Across the street from the Crystal City Metro station, in a nondescript office building, stands the headquarters of Bloomberg BNA, one of Arlington County’s largest private employers.
Each day, more than 1,000 employees push through its revolving glass doors or take the elevator up from the underground garage.
Bloomberg BNA is an information and research company which provides “legal, tax, compliance, government affairs and government contracting professionals with critical information, practical guidance and workflow solutions.” Established in 1929 as the Bureau of National Affairs, the company was employee-owned from 1947 until 2011, when it became a subsidiary of financial news and information giant Bloomberg.
Paul Albergo, the bureau chief, has worked at Bloomberg BNA for over 30 years. Around 200 people work under Albergo at Bloomberg BNA’s Crystal City news division.
“We are one of the largest news-gathering organizations in Washington,” Albergo said. “We have the largest number of reporters that are credentialed on Capitol Hill.”
Bloomberg BNA was in D.C.’s West End from the 1920s until 2007, when it came to Arlington, lured by tax incentives, which were extended earlier this year. Previously, the company was scattered amongst several different buildings. In Crystal City, employees are an elevator ride away from each other.
In the new space, people from various departments can rub shoulders in the “pantry” — a pristine, sunlit eating area boasting an exotic fish tank and a peanut butter grinder.
“You tend to run into people that you’re thinking about but you don’t have a formal meeting with and suddenly you can have communication,” Albergo said.
One of the many perks of the company’s new building is an easy commute: the West End location was not close to a Metro station and could be difficult to reach by car.
“To go from a neighborhood that was kind of tucked away in a corner of the city to a location that was well-served by Metro, [Virginia Railway Express], just a couple blocks off the highway and other major commuter routes [made] everyone’s commute a lot easier,” Albergo said.
Albergo himself lives in the District but his commute is about 20 minutes quicker than before. Ironically, although the company is no longer in D.C., it now takes reporters less time to get to their important events on Capitol Hill, among other places.
“In many ways it becomes really easy to recruit people that come to work here because commuting is so easy,” Albergo said.
Crystal City also allows for plenty of food options outside of the pantry. Albergo enjoys sandwiches from Taylor Gourmet and pizza slices from We, The Pizza. He also likes that he can drive a few minutes and easily grab lunch at Pentagon Row or Pentagon City. He often frequents Food Truck Thursday, which happens just outside the office.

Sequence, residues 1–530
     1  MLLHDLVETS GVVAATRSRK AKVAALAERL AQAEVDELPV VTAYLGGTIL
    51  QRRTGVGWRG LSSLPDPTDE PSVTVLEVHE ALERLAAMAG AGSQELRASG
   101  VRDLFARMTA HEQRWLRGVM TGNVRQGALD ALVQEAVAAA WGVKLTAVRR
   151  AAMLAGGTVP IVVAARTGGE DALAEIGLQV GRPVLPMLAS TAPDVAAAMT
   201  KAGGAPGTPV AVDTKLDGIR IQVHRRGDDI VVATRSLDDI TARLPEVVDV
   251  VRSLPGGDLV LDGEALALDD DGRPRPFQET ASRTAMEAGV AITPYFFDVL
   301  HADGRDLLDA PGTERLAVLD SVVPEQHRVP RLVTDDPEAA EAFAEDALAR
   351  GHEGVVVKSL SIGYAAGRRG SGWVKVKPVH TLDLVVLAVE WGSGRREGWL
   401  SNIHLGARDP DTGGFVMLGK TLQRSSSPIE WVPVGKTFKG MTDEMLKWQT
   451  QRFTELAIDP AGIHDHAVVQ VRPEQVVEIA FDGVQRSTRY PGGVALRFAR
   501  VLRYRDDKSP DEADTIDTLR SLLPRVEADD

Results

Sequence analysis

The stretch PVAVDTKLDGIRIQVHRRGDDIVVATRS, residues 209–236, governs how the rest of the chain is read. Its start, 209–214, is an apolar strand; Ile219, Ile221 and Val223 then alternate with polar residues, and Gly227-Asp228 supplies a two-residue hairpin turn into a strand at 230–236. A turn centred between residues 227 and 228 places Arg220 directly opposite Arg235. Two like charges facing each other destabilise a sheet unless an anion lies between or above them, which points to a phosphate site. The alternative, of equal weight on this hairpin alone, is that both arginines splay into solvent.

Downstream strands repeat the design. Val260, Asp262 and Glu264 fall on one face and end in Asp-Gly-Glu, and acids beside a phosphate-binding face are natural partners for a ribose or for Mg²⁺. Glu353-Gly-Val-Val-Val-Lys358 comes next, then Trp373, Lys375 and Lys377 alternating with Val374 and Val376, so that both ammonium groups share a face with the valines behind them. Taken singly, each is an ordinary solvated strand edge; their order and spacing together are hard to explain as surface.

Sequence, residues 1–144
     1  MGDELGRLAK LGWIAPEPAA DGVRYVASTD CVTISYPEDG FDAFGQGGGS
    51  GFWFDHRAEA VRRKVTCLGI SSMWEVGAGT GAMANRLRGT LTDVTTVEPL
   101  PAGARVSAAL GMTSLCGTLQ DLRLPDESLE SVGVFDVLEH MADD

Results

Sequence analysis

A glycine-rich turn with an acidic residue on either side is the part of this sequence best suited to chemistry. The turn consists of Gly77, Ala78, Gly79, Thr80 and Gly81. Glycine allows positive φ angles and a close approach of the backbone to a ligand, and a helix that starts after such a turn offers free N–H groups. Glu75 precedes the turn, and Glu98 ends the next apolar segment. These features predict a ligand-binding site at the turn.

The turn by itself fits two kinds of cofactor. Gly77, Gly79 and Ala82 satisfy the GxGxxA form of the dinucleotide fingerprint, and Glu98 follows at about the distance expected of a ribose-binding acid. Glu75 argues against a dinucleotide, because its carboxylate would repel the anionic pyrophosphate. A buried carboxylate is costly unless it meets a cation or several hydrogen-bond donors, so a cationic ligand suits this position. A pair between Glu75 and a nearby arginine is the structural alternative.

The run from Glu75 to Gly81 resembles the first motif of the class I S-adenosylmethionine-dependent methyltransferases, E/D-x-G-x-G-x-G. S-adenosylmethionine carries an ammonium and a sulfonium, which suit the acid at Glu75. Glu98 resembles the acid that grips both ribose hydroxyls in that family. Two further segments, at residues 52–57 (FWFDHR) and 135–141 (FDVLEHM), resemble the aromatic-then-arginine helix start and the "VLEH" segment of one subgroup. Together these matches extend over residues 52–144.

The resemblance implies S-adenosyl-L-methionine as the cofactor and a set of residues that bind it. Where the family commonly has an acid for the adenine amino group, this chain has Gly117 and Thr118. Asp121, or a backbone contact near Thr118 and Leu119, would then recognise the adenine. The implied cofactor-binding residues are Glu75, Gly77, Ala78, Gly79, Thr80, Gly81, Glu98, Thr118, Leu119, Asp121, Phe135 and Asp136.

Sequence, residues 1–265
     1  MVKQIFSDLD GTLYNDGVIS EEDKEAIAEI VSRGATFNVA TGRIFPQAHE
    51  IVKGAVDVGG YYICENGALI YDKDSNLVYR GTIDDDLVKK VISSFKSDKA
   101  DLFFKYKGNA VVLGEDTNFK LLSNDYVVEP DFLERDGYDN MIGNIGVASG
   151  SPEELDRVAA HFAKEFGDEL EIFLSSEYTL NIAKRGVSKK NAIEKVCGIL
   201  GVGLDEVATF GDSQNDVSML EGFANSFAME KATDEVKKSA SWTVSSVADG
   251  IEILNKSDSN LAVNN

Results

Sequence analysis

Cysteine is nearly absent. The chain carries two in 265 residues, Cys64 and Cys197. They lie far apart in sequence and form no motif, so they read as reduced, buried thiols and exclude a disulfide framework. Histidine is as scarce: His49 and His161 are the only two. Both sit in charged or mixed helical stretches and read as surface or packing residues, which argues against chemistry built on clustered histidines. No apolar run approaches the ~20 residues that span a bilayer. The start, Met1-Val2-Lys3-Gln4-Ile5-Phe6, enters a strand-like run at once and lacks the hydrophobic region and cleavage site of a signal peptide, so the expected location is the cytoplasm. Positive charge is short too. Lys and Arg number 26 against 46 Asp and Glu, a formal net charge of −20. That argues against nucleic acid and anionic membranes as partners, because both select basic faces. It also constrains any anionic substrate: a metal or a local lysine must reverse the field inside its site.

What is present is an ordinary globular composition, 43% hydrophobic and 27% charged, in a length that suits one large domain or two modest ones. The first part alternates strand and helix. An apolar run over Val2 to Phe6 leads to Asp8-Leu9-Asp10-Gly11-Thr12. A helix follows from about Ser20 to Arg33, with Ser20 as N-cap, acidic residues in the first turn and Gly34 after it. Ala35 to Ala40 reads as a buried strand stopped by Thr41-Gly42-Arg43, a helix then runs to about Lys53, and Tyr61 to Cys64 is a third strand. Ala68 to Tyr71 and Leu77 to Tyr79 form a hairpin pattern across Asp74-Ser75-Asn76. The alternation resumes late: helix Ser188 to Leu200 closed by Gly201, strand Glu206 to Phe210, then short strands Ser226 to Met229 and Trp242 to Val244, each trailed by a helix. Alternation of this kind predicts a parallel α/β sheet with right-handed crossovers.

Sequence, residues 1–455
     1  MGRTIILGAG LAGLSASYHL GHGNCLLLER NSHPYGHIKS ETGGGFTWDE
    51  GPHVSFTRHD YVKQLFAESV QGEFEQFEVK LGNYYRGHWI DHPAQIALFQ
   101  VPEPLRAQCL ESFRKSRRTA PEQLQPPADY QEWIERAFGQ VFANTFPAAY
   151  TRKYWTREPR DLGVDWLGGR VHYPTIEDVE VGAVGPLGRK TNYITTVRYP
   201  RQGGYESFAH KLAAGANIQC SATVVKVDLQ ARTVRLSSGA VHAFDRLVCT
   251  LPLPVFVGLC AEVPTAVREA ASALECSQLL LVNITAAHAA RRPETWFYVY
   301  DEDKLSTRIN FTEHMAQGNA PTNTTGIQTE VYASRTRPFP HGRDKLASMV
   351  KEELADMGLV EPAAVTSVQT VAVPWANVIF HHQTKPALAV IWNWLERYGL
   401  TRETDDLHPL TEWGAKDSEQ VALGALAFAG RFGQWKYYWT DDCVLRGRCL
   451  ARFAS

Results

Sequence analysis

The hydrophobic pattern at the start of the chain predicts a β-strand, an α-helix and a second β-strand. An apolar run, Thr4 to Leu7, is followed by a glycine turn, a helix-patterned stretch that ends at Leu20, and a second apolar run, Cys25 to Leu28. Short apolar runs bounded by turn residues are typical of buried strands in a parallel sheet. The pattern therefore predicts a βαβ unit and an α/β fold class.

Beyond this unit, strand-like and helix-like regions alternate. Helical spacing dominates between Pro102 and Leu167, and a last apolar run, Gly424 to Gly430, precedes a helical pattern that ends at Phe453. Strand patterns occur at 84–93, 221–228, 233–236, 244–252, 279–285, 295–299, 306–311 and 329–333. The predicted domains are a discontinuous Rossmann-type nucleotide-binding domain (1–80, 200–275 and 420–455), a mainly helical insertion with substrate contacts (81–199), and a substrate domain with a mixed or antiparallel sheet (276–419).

“I can just go right up to the window and look down and see what food trucks are there,” he said.
When Bloomberg bought BNA in 2011, the company underwent a great deal of change. While the shareholders and employees were no longer one, Bloomberg began to invest heavily in its new subsidiary.
“[We went] from a company that had that ‘Mom and Pop’ feel to an international organization, [which] allowed us to really expand, take risks, to really invest in certain ways that we might not have been able to do as an employee-owned company,” Albergo said.
Physically, a lot changed for the business. BNA adopted Bloomberg’s “open work plan” of no private offices — now, everyone has a cubicle. This was not a big change for the news bureau because most news employees already had cubicles, but it was for other areas of the company.
“It’s beautiful, it’s open. It’s really allowed for greater collaboration and much better communication,” Albergo said. “It’s an attractive setting so when you bring someone here for an interview, [they want to work here].”
As for a typical day in the life of a bureau chief, Albergo says there is no such thing. He comes into the office, sits down at his desk among his collection of Batman memorabilia, and takes action on the ever-changing news of the day. Some days he also has to troubleshoot a technical problem, other days he answers a customer’s question or tries to fill an open position.
“A typical day is atypical, unpredictable,” Albergo said.
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